When the echoes had died, Went finally moved again. With greatest care, he slid his knees up toward his chest and tried to roll to his hands and knees. His ribs screamed, and a small noise escaped his lips. The list. What of the list?

He forced his knees to cooperate and pushed himself up on his elbows. Leaning on his left arm, he clutched at his waistcoat. The waiscoat didn’t feel bulky enough. Another groan escaped him. It sounded like a whimper.

Damn.

He had to get back in the elevator. Even without the list, the elevator was his only hope for…for….

A hoarse, bitter sound escaped him. Hope for what? It was over. Was there any way he could go on without the codes list?

No.

Wait. The elevator hadn’t yet yielded all of its secrets. There was hope. Perhaps there was hope. He only had to get back inside first. Went spat blood, then clenched his teeth against the pain as he planted one foot and pushed up. His world spun, a black and gray blur of rectangular pillars and twisted metal. He thrust out a hand and groped for the wall. His fingers met flesh.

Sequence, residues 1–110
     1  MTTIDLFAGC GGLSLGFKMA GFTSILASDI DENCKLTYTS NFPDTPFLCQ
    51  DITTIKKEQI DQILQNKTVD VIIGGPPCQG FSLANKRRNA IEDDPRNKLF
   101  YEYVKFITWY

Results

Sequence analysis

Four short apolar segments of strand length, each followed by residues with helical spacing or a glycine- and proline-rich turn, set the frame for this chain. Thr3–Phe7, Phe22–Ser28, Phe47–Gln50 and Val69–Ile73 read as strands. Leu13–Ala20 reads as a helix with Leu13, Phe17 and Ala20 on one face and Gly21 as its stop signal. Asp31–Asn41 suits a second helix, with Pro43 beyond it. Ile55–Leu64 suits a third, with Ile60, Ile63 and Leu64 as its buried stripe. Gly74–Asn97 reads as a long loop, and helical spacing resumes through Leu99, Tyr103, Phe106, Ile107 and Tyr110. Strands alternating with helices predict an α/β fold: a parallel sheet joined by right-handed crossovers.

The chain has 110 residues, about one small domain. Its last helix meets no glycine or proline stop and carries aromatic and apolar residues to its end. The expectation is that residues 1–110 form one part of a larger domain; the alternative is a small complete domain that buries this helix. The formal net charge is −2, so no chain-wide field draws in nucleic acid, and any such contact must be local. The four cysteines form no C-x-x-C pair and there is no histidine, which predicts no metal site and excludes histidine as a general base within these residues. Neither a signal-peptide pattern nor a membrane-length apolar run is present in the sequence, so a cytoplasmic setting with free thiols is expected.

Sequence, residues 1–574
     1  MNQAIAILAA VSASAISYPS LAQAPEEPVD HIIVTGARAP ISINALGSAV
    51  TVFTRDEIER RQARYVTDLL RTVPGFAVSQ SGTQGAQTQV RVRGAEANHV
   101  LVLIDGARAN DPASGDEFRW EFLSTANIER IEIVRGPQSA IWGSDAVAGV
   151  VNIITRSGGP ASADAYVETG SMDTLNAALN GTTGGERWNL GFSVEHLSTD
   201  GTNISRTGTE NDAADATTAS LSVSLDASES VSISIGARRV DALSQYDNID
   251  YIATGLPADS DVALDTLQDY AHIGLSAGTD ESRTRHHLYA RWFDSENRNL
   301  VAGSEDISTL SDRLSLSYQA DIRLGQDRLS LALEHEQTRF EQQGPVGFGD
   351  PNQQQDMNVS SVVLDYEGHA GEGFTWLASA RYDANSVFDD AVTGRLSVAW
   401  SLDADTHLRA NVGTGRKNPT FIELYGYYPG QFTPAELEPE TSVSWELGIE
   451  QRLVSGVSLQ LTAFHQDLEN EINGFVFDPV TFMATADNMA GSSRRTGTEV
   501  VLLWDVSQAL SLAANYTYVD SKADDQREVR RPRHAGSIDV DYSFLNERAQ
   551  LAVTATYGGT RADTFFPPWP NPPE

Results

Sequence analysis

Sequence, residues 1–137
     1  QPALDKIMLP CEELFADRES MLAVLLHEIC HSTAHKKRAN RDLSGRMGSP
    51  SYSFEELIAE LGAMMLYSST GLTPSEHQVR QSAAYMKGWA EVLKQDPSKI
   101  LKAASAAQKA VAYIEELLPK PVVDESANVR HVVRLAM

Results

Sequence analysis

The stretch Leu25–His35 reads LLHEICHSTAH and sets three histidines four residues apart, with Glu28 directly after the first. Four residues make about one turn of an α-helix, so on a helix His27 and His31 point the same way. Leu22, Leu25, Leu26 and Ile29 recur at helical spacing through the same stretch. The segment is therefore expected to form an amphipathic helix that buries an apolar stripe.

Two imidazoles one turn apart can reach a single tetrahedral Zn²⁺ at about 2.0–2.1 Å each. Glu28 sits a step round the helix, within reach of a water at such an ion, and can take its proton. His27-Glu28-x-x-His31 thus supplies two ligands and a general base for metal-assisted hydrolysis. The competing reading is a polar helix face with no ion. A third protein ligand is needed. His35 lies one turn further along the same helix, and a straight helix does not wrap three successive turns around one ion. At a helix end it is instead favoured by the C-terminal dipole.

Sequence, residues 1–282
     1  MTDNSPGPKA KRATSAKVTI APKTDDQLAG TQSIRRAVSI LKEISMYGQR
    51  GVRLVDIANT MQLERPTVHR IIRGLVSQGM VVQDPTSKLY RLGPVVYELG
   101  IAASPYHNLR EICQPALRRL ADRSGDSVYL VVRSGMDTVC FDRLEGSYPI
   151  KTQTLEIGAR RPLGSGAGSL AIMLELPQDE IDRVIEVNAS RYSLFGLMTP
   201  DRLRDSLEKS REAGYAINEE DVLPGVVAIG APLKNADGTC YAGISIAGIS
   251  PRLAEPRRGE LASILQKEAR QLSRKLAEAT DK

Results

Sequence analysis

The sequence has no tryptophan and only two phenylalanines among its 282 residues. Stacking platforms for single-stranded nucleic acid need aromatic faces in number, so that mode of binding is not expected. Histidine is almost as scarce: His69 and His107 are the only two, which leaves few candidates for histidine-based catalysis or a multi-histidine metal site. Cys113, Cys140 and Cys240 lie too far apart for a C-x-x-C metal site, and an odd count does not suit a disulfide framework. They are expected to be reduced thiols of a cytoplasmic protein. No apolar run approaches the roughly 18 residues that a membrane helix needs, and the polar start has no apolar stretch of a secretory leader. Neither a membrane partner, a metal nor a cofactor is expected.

He jerked his hand back, and the momentum sent him tumbling farther away from the elevator. He slammed into one of the pillars. Rough, hard material slashed his palms as he rebounded. He dropped to the floor again and curled into a ball as the impact shot pain through his ribcage.

“Cose!” said a small, high voice. “We’ll a-help! Can you walk?”

Went felt hands on his arms again. But these hands were smaller than his attackers’. Their touch was soft, hesitant. He blinked up at the gloomy ceiling high above. The face of a young girl wavered into view.

Below dark, worried eyebrows, her darker eyes were enormous in her thin face. Her hair was long and stringy. He glimpsed a ragged, grayish brown tunic. She bit her bottom lip and shook his shoulder. “We’ll a-help,” she said again. “You’na get back in the cagey, yeah?”